Jewish Food: What’s The Next Big Thing?

Ethnic foods are enjoyed by Americans, Europeans, Asians and other well-traveled societies. Thai, Indian and Vietnamese cuisines have joined the ranks of French, Italian, Spanish, Chinese, Greek Mediterranean, Middle Eastern, Mexican and Hungarian culinary delights and haute cuisine. As experienced worldwide travelers visit exotic places and taste a wide variety of authentic culinary cuisines, they seek out these delicious foods once they return home.

Worldwide delicacies can now be purchased in major supermarkets and restaurants, and they represent all major food groups, even those that have gotten a challenging rap in recent years.

The Start of a ‘Jewish Food’ Industry
Even with carbohydrates being attacked by those who warn of high gluten and others who think the calories will affect their hip size, crusty French breads, baguettes, Italian breads, British scones, Jewish rye bread, grissini, bagels and even matzo fill American breadbaskets.

There was a time Americans would eat only plain, soft white bread. In the South, they often cut away the crust. Then came the bagel. Bagels began rolling out of New York in the 1930s to other parts of America when Lender’s bagels made the ethnic Jewish item an American supermarket mainstay.

Thousands of bagel shops have now opened up all over the country, most serving 15 or more varieties of the crusty treat — even in areas not populated by Jews. Even Dunkin’ Donuts now places a hefty marketing budget into promoting its bagels and croissants.

(Justin Tsucalas)

(Justin Tsucalas)

In Baltimore, Goldberg’s Bagels is highly rated and has won many taste tests. An average bagel (not just at Goldberg’s, but any bagel) is about 300 calories; scooped, it is about 260.

Over the years, there have been many other examples of kosher or Jewish foods taking on a significant role in secular American life.

One of the strongest examples is when Levy’s New York rye bread and Hebrew National all-beef hot dogs underwent a Madison Avenue public relations remake, which drove home the point that kosher all-beef hot dogs and Jewish rye bread were not just for Jewish people anymore. Today, some industry sources estimate that the majority of Hebrew National hot dogs are purchased by non-Jewish Americans.

New York delis that serve oversized hot pastrami-stuffed sandwiches with mustard and a pickle became part of the culinary culture of American taste, no longer just for New Yorkers.

The sandwiches and hot dogs were joined by the kosher pickle that soon sat not only on top of deli counters but also in jars on the shelves of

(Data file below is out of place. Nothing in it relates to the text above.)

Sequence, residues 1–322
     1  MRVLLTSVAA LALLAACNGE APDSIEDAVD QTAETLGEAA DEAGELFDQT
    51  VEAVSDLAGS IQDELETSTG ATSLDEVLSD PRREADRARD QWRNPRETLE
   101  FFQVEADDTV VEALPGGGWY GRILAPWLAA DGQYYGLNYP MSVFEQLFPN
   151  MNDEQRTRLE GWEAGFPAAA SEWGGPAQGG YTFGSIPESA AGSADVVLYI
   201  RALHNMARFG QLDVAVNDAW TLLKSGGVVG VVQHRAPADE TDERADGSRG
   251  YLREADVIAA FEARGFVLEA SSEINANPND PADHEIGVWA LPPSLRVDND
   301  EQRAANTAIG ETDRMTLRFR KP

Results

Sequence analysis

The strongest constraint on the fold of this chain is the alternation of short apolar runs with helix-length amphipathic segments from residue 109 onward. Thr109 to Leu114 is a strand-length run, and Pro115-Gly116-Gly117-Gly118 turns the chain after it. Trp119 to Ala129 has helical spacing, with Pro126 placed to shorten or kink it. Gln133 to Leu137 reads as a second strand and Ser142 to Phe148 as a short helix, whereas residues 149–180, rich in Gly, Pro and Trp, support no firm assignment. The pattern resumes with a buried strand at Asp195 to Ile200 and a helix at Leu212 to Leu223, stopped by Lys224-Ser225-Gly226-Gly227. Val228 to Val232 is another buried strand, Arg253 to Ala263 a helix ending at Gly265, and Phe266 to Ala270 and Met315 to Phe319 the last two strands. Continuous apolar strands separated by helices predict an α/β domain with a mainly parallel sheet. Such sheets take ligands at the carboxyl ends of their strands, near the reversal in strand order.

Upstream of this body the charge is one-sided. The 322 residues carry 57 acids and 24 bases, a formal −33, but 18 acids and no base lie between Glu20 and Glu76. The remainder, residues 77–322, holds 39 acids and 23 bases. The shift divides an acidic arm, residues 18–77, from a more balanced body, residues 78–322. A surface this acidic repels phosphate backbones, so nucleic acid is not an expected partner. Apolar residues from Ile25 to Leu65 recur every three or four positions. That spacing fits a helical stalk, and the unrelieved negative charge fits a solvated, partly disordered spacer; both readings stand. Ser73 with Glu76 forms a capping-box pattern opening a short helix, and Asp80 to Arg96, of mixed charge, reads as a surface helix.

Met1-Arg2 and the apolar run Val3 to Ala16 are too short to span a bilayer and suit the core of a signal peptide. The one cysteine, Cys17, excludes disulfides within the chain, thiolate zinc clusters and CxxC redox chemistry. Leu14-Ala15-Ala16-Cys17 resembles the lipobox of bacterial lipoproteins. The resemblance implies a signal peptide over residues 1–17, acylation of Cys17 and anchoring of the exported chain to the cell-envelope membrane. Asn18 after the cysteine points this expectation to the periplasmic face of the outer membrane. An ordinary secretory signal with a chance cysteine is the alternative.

grocery stores. Knishes, filled now with all sorts of flavors and not just potatoes, have become a hit too.

Chicken noodle soup and matzo ball soup are proven alternatives to medicinal remedies for the common cold. Pigs in a blanket, those tasty mini hot dogs wrapped in crusty dough, are a smashing hors d’ oeuvre.

Rugelach is now popular even at non-kosher Italian stores. For example, Zabar’s, one of America’s premier gourmet shops located in Manhattan, sells chocolate babka under its own Zabar private label. It’s one of the biggest sellers in its bakery department … but it is manufactured by a Chassidic bakery in Brooklyn. Who makes the babka is a trade secret, but its name is a color (and it’s not red, yellow, silver, purple, orange or gold). It’s green. And that same babka is sold at both Seven Mile Market and Shopper’s in Baltimore.

Similarly, Middle Eastern cuisine — both Arabic and Israeli — has grown in popularity. Sabra hummus attracted the corporate eye of PepsiCo, Inc. that now manufactures and sells tubs of the creamy chick pea paste to supermarkets throughout America. A new local company, The Wild Pea, has six flavored varieties of hummus, many of which can be found at Seven Mile Market, Wegmans and Whole Foods.

What’s the next Jewish culinary dish or treat to follow the success of the bagel, hummus and kosher hot dog?


This Jewish dish is still a culinary secret, a dish enjoyed by mostly
Orthodox Jews who do not cook on the Sabbath.

But what is cholent?

It is similar to chili, a one-pot meal that slow-cooks for 24 hours. This is helpful for observant Jews, as cooking raw foods and igniting a flame are among Shabbat prohibitions. Being that cholent is pre-cooked and ready before the Sabbath begins on Friday evening, keeping it hot over the Sabbath is not cooking and is therefore permissible.

Where did we get it?

According to “The Book of Jew-ish Food” by Claudia Roden, “In medieval times in France, the French made cassoulet, a dish of meats, including goose and sausage, with beans slowly cooked in plenty of goose fat. There were Jews living in Languedoc, where cassoulet originated. Many lived off the land; Toulouse, Narbonne, Nimes, Lunel, Beziers and especially Montpellier were centers of Talmudic study.”

When Jews fled France and went to Germany, cholent was enhanced as a one-pot Sabbath meal so additives such as kishke and potato kugel were often added to the pot.

How the name cholent was given to this tasty dish is debatable. The derivation of the world cholent may come from the medieval French words chault, which means hot, and lent, which means slow.

Another idea: In Europe, on Fridays before the Sabbath, families sent their sealed cholent pots to Jewish bakeries and to communal kitchens and would fetch the hot steaming pots after synagogue on Sabbath morning. There is a theory that since the Yiddish word for synagogue is shul, it is possible cholent came from a combination of the words shul and end, which referred to a dish that was picked up at the end of a synagogue service.

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